I hate that I didn't pull my camera out quickly enough to catch this slide, but Intel's Mooly Eden just mentioned an interesting feature of Haswell. He stated that Haswell will support "multiple OSes". Clearly Sandy Bridge, Ivy Bridge and older Intel architectures have supported multiple OSes, but that was never listed as a feature until Haswell. I suppose this means more than it'll run both Windows and OS X, but what do you guys think Intel meant by it? 

I already asked Intel and of course I didn't get an answer, I was just told that it was an astute observation and something we'll have to talk about at a later point in time. I suspect this is a statement about the future of the OS space in mobile computing but I'm not entirely sure what Intel views will be different come 2013. Microsoft will obviously support ARM in Windows 8, but what will Intel support with Haswell that it didn't before? What do you all think?
Mooly also showed off a concept Haswell PC called Nikiski. It's a notebook with a transparent touchpad area that lets you view part of your screen while the clamshell is closed. Check out pics of the concept in the gallery below.


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  • Comdrpopnfresh - Wednesday, June 8, 2011 - link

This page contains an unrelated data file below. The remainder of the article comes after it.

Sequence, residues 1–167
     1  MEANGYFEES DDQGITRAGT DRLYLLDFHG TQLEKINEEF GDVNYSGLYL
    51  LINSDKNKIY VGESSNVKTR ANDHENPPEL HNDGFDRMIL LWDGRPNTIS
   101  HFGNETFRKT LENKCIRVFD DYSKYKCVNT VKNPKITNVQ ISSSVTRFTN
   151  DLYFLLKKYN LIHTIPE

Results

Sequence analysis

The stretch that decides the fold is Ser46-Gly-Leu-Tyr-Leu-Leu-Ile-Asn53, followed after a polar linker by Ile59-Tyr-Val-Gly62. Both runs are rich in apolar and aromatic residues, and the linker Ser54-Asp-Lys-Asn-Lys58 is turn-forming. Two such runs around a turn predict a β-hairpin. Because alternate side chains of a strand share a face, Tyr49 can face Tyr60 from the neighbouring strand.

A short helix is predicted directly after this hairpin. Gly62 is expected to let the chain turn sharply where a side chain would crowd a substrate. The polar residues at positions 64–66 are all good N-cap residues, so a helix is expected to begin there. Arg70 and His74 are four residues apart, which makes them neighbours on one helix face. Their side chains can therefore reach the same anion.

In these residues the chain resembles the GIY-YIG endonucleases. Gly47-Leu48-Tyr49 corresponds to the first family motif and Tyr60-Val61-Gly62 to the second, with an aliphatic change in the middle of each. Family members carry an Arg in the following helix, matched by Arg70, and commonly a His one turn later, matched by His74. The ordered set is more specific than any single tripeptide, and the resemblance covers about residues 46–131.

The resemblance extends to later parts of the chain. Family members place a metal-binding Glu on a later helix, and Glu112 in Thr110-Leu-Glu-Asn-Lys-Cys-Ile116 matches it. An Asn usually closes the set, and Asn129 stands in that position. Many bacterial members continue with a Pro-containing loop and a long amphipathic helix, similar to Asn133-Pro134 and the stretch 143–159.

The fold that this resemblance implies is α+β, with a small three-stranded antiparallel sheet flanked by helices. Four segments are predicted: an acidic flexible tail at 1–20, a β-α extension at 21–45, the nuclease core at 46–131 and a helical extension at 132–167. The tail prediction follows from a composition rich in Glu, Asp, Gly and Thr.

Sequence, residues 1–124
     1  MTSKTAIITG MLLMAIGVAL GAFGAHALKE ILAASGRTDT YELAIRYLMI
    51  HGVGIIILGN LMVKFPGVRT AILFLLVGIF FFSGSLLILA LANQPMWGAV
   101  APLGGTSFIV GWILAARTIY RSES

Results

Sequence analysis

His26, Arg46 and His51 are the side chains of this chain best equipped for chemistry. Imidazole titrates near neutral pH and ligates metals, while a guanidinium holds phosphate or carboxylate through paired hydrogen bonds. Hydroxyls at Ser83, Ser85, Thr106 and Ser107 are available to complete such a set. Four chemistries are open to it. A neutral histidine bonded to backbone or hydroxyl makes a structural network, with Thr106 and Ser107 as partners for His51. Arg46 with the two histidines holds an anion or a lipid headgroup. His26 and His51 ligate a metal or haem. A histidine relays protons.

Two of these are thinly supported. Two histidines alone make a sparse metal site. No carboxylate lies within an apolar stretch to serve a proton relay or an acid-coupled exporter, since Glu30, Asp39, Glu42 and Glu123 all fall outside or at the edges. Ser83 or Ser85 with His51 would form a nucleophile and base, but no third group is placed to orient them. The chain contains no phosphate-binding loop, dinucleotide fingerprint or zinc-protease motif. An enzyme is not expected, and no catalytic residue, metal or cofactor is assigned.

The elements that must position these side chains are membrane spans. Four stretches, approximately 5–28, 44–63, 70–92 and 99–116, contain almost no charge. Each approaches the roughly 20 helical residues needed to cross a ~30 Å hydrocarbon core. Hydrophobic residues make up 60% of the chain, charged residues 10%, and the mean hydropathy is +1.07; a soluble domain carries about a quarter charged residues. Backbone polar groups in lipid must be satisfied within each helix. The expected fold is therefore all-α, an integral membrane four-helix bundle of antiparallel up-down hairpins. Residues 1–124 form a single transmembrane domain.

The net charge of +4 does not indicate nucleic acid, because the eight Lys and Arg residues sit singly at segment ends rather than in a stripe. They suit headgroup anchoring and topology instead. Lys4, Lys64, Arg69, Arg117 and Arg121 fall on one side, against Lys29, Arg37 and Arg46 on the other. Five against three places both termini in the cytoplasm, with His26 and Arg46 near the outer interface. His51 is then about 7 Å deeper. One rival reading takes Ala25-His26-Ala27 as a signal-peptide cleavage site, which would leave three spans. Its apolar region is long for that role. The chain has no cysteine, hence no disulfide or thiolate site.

UEFI adopted as the microarchitectural platform's firmware standard and externally accessible QPI interconnects (or other ptp ext communication link).
    With windows 8 running on soc and arm in addition to x86 in 2013 it would make sense to provide a flexible platform to capitalize on EFI's cpu independence so soc and x86 hardware can be used within the same device, instead of choosing low power or competent performance in the split device market we have today.
    Thin/light or tablet form factor systems will execute/run a single, shared win8 environment in either soc or x86 hardware processing modes, with the QPI capabilities preserving software portability between modes and also allowing system resources to be used by both sets of hardware. The support of both, or either features in Haswell will make for an explosion of diverse device configurations and leaps in functionality.
    I imagine a laptop that instead of going to sleep enters a lower powered always-on available win8 mode running on the soc components and provisioning hardware components to allow sideshow functionality and live/cloud connectivity at any time along with windows environment, and full-on traditional notebook performance from the same device.

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